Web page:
By Ora Coren
To the chagrin of the Israeli Ministry of Industry and Trade, the United States Trade Department is keeping Israel on its "watch list" of countries that fail to meet copyright protection standards. Moreover, U.S. trade officials hinted that if Israel fails to curb data piracy, harsher measures might be taken. The Trade Department cited several reasons for not removing Israel from the list. One is the continued counterfeiting of music tapes, videos and computer software. Another is Israel's role in the network for pirate versions of Russian language software. Also, Israel allows drug companies to develop generic drugs while the originals are still protected by patents.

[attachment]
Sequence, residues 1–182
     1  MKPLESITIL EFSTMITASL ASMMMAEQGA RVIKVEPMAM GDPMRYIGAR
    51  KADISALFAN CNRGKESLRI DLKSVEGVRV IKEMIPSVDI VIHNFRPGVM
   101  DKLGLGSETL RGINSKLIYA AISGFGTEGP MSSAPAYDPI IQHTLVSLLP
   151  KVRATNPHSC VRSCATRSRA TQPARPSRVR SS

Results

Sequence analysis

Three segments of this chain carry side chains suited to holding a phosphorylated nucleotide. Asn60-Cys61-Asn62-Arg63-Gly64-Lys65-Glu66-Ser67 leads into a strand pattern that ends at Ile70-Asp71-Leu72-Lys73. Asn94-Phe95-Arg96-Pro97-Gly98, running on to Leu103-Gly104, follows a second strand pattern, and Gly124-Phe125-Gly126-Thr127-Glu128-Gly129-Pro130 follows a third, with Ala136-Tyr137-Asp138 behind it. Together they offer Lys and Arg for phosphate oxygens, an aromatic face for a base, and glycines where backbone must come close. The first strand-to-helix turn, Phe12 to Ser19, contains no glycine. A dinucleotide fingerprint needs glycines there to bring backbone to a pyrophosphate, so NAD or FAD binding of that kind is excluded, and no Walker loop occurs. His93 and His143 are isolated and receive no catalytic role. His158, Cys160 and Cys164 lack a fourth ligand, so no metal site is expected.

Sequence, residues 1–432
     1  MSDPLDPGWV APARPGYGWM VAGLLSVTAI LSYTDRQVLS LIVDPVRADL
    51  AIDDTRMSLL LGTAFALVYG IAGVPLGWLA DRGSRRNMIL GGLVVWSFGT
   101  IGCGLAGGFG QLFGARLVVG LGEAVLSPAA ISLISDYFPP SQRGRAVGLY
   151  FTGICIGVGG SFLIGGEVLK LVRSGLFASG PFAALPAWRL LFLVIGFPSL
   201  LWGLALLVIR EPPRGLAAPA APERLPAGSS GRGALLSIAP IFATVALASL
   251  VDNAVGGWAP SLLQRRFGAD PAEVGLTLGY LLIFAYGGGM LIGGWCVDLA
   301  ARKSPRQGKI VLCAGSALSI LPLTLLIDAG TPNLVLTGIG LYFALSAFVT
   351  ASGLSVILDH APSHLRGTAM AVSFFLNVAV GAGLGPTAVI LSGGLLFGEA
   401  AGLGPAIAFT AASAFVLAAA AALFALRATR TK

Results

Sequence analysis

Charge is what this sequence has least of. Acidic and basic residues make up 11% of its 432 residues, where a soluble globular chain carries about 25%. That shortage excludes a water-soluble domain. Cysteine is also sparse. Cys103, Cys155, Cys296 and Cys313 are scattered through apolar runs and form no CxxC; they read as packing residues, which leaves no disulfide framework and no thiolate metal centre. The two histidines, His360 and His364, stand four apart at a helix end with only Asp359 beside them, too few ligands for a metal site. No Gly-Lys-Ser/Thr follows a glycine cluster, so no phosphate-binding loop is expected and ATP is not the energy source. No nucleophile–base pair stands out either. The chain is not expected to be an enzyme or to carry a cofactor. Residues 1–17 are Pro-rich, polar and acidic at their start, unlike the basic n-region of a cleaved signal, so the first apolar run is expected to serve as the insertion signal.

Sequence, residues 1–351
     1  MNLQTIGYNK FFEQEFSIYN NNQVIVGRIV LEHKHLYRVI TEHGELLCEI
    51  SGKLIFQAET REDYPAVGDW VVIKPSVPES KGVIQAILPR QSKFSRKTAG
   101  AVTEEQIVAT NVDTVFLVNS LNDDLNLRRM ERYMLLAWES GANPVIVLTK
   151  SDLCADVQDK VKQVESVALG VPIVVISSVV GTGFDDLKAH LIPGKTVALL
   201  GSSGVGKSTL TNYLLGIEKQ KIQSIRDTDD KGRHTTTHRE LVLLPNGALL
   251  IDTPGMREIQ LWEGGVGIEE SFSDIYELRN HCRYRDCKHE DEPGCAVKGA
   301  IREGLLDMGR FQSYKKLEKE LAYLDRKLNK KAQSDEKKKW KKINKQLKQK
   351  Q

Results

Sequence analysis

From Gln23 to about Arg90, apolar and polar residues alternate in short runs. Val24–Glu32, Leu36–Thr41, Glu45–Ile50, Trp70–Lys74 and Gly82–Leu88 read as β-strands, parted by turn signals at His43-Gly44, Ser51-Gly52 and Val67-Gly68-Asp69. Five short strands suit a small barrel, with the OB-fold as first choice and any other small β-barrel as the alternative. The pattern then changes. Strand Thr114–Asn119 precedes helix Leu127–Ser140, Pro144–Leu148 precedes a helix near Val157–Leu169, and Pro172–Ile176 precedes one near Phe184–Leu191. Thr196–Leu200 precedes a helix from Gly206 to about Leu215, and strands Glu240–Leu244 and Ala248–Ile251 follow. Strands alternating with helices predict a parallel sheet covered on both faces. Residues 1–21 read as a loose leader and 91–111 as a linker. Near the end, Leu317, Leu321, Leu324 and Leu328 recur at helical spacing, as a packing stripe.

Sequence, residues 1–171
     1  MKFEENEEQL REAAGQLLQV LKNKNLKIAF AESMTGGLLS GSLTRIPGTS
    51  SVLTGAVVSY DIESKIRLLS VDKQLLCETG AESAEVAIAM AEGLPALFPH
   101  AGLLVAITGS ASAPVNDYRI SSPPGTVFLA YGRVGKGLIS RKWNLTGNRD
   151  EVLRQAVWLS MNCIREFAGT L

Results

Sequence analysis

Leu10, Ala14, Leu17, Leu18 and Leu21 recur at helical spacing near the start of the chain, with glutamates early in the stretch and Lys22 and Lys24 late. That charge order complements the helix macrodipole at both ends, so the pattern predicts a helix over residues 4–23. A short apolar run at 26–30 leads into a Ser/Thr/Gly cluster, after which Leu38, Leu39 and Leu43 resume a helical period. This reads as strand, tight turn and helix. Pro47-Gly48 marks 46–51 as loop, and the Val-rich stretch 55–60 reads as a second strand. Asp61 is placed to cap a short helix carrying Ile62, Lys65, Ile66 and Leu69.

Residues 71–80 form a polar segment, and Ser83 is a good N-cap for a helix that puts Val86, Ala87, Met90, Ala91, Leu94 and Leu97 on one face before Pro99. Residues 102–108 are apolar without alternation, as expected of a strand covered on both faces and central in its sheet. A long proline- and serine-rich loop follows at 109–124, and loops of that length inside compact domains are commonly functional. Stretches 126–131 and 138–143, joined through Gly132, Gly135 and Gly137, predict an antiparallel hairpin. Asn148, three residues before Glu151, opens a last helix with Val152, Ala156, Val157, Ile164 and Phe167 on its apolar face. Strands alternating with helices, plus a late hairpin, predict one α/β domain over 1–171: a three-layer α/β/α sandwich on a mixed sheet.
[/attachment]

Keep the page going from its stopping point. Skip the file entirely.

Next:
Staffers at the ministry had hoped that Israel would be erased from the list after two years due to the concerted efforts of Israeli law-enforcement agencies in combating counterfeiting.
Though U.S. Trade Representative Robert B. Zoellick noted in his report yesterday that Israel had increased its policing of copyright infringements, nevertheless, "convictions are rare and do not result in deterrent penalties".
Zoellick added that Israel's patent protection is "inadequate." His report noted that the Israeli government allowed the parallel import of pharmaceuticals protected by patents in May 2000 and, contrary to the obligations laid down in the Trade Related Intellectual Property Rights agreement, the government also allows the generic drug firms to conduct tests using data submitted by the innovator pharmaceutical firms.
The report noted that the two parties continue to consult with each other on intellectual property rights. but added that if there is no progress in the data protection area, "the United States will need to consider other options ... to encourage Israel to remedy this situation."